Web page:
I was directly involved in the Lauda investigation so I know quite a lot about it. On the pre-FADEC engines, there is a mechanical linkage between the T/R and the throttle that if the reverser deploys with the throttle off idle in forward, it'll pull the throttle lever back to idle - sometimes called a 'throttle snatcher' (that's on Boeing, I assume the other guys have/had something similar). On FADEC, the control has sensors that determine the T/R position, and will retard thrust to idle if the reverser is not in the commanded position. What we discovered on Lauda was that the transient is the problem - the engine was at max Climb when the reverser deployed and by the time the engine had decelerated to idle they'd already lost control of the airplane. For a deployment at V1, I'm guessing the engine won't decel fast enough to avoid controllability issues as well. However I don't think the 'light' by itself would justify aborting - but reverser indication along with a sudden big yaw, I think aborting the takeoff would be in order at V1 (maybe even at V2)

Cosmo, I suspect the reason they told you it was a non-issue on the NG is that the cert basis is it'll never happen.
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Old 16th Apr 2014, 21:50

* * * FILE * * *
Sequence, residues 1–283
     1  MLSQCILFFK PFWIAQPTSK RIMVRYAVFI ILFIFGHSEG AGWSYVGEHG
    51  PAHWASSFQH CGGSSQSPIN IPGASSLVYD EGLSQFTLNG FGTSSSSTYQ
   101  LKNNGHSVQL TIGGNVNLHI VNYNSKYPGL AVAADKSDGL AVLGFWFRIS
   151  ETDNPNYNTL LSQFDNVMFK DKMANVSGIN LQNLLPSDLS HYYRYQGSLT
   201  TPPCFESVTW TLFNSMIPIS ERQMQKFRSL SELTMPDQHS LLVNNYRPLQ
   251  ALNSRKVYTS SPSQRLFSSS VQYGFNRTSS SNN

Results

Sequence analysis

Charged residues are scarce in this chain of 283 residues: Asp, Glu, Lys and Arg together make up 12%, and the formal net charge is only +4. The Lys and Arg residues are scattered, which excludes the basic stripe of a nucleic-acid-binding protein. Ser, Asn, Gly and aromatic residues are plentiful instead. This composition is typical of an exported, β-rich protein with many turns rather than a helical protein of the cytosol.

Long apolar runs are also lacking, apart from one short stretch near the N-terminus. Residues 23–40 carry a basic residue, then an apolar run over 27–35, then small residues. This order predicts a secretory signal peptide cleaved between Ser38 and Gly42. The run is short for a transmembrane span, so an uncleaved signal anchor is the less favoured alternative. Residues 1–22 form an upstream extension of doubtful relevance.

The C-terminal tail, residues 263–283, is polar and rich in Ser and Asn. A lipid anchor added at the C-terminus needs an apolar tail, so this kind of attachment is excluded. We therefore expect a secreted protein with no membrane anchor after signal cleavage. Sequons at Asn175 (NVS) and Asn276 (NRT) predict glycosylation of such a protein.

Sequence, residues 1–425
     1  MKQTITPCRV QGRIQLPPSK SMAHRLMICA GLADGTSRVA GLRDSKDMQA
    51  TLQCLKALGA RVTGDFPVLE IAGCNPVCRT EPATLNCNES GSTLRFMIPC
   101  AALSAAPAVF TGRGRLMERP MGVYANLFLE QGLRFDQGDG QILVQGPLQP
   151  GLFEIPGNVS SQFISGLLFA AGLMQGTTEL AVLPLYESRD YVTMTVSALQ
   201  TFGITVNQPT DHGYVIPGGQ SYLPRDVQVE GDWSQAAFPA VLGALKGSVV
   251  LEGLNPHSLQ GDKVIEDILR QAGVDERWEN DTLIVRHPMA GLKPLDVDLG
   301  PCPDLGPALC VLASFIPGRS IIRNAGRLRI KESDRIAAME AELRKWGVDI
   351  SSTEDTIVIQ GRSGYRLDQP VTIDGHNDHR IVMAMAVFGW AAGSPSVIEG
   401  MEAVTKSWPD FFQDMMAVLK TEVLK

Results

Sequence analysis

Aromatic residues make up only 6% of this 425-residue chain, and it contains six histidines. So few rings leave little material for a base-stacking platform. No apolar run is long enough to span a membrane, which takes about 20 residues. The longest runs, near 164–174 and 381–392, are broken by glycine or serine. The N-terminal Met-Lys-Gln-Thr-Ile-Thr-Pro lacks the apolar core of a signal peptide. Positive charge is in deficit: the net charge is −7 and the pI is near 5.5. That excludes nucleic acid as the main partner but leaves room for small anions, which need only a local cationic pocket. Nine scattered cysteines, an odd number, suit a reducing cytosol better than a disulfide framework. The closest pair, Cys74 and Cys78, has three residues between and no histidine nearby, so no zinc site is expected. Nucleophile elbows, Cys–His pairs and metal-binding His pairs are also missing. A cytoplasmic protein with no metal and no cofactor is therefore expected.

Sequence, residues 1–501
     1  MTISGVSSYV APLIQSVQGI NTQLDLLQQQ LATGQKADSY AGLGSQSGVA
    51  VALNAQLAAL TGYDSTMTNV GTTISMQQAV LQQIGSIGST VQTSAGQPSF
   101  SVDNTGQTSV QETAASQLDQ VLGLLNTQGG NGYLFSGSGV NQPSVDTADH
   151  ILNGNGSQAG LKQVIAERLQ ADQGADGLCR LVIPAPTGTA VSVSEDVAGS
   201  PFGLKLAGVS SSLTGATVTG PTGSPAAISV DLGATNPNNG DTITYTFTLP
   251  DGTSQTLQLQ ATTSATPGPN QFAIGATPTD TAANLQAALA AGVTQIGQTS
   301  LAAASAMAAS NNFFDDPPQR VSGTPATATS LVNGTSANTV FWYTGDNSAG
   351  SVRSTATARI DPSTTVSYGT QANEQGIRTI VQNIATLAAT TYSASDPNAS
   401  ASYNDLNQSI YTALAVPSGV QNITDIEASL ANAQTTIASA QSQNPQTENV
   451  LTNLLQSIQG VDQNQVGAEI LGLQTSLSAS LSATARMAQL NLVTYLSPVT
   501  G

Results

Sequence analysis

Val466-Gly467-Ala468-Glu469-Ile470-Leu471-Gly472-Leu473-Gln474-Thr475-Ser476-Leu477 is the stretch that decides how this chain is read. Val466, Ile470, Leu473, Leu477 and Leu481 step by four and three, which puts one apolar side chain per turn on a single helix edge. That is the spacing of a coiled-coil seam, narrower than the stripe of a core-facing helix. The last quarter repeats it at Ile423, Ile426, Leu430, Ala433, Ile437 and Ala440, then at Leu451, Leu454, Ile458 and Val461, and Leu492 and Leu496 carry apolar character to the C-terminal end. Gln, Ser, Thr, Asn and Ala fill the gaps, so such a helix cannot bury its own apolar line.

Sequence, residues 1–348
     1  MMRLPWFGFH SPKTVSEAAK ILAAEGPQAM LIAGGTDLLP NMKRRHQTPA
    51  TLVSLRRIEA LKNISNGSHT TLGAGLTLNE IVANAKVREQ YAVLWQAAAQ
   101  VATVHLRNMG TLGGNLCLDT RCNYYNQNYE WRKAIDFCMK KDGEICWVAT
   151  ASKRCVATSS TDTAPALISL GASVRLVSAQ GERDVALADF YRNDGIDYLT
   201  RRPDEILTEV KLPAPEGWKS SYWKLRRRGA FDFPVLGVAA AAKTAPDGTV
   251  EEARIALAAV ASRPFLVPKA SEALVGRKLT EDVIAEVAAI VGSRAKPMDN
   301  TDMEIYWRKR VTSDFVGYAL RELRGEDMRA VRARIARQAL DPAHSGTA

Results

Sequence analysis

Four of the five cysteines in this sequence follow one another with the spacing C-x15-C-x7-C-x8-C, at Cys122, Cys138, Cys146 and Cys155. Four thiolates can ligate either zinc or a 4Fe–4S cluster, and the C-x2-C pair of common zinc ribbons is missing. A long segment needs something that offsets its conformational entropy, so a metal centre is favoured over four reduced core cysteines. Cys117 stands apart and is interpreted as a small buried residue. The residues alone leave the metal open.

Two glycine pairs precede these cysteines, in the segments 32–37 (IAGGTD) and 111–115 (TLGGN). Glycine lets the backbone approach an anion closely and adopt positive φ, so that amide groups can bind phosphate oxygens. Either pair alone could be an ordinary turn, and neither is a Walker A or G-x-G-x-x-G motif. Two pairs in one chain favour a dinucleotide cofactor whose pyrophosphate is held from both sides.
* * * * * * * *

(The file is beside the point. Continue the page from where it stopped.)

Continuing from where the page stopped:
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tdracer,

Very informative, thank you!
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Old 16th Apr 2014, 22:08
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The LTE I spoke with about the topic said that done in simulator, it is a non-event. And should be dealt with above 400 feet as any other malfunction. That the feeling was not much different than an normal engine failure.

He even offered me to try it out. Which meant to tag along with him, next time he went to sim, as I didn't have an upcoming check - so I declined and chose to take his word for it. I have since forgotten about it, and didn't try it out in the later checks. Had my last LOFT/LPC last week, so it will be a while before the opportunity is there again.

Perhaps if someone has an upcoming check, they could ask to try it out and report back?
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Old 16th Apr 2014, 22:20
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I see I missed some replies before posting the last two posts, sorry for not being careful reading, Artie and tdracer.

Artie, you already tried it in sim. Was it NG or Classic? Did you do it at V1 or after being airborne? How violent was the yaw?

Also, what would be the reason that my old company required to include revs unlock in emergency briefing for Classic. The info I got in the old company was that it was only a severe problem on Classic. Why would it be more important to shut the engine down on Classic, than on NG? I can only imagine the reverser design differs that much to make a huge difference in idle thrust? Or the general performance of the remaining engine? Or that the idle function of the classic (not mentioned in the QRH btw) is slower reacting than the EECs?

We had that example mentioned above mandatory in a simulator session (reverser unlock in 1-200 feet). It's years ago, so my mind is not clear on the details. Didn't fly Classic for ages now (unfortunately, love it!). What I do remember is, as said, that it was a non issue, if immediate action was taken.